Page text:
File names with slashes [was Re: error in os.chdir]

Richard Damon Richard at Damon-Family.org
Mon Jul 2 13:16:28 EDT 2018


On 7/2/18 9:20 AM, Mikhail V wrote:
> [Richard Damon]
>
>> The one major issue with backslashes is that they are a special
>> character in string literals, so you either need to use raw literals a
>> remember the few cases they still act as special characters, or remember
>> to convert them to double back slashes, at a minimum for all the
>> characters that they are special for (easier to double them all).
>> I think it was originally an error to make the backslash followed by a
>> character not defined as special with a backslash as keeping the
>> backslash as a literal as it causes a number of these issues. Yes, it
>> allows you to not need to double it in many cases but that just sets you
>> up for the mistakes that started the thread. It is probably too late to
>> change that behavior now though.
> Yes this would at least make less mistakes.
> I find the whole situation with strings a bit disappointing.
> On the one hand - there were so many string types added, on the other
> hand - there are still many inconveniences. There is an english proverb,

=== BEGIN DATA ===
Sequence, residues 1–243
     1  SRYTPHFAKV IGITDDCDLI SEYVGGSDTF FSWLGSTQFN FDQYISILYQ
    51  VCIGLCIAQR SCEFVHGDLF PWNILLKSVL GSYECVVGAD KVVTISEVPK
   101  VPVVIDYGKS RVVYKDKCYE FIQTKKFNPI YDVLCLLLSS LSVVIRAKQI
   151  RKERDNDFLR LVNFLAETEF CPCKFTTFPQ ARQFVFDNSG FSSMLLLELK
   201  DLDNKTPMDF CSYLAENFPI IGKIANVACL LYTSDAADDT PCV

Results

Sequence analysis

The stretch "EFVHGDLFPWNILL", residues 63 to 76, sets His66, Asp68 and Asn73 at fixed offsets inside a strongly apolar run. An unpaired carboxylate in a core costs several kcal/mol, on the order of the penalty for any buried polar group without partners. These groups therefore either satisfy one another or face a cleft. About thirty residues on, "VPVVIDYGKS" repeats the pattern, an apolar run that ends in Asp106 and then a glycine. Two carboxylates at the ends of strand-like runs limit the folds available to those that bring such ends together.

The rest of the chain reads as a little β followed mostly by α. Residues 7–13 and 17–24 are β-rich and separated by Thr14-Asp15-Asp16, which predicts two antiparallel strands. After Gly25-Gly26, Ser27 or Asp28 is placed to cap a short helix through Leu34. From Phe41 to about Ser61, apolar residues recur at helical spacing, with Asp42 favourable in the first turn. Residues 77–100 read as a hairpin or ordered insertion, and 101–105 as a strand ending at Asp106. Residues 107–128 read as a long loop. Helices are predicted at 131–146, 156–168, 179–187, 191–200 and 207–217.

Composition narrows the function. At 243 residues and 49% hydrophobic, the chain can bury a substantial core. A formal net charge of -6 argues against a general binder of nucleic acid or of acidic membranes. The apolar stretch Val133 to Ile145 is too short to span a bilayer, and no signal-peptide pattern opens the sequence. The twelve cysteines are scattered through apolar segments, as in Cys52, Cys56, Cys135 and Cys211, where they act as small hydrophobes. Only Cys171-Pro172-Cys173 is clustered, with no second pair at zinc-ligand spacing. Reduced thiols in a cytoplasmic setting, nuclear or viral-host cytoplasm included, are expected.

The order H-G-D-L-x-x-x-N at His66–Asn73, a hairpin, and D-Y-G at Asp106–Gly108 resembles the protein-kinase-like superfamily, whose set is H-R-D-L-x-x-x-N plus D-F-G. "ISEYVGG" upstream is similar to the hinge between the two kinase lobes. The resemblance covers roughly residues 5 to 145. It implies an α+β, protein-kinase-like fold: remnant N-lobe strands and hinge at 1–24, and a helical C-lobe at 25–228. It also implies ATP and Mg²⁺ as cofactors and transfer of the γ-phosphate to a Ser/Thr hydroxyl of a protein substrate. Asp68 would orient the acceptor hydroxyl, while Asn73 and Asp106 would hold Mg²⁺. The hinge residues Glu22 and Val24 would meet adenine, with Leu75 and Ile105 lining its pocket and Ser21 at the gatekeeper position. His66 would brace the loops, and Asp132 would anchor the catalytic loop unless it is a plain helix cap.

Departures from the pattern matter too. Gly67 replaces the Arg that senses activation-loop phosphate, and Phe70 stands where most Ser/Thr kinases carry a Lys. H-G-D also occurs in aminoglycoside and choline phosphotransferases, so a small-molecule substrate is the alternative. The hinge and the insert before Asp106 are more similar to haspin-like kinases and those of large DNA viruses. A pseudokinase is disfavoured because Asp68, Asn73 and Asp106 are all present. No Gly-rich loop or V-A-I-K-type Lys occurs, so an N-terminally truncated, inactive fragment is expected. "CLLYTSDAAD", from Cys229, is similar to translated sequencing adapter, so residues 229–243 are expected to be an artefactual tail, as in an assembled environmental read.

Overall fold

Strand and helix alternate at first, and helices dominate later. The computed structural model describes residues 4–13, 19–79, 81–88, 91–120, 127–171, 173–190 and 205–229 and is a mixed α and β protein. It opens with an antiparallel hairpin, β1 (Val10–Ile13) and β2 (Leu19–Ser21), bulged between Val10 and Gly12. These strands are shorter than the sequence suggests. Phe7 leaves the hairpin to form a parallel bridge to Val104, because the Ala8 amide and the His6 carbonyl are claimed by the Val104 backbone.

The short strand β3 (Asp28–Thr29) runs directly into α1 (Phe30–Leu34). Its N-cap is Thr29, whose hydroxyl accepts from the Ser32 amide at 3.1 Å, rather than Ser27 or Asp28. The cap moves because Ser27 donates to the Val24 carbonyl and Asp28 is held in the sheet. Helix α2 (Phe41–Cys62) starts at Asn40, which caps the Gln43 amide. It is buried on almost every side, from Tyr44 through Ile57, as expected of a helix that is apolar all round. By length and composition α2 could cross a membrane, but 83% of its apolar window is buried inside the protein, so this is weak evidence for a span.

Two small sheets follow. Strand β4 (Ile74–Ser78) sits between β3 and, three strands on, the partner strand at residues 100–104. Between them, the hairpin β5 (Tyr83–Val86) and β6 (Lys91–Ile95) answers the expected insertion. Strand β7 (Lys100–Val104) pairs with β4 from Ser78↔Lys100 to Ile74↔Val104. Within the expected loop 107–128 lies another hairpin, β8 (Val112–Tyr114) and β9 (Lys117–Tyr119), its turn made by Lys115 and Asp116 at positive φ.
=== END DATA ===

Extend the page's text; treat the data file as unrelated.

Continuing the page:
> "it does too much, but still too little". (or something like that)
>
> The initial string syntax -- I think it's direct copy of C strings syntax.
> And it sucks. (path dependency?)
>
> I'd say there should be just two main string types:
> 1. string literal where all special character goes into, say, figure braces {};
> (if only there was a time machine)
> 2. raw strings, including multiline raw strings which should be PEP-8 compliant.
>
> So Imo default syntax should be something like:
>
>     S = "A:{x41}B:{x42}"
>
> instead of backslashes and Co.

Yes, the backslash notation is just like what C uses (an likely the
source of it). The exact same problem pops up in the C forums too. Not
sure where it got the notation from.

-- 
Richard Damon



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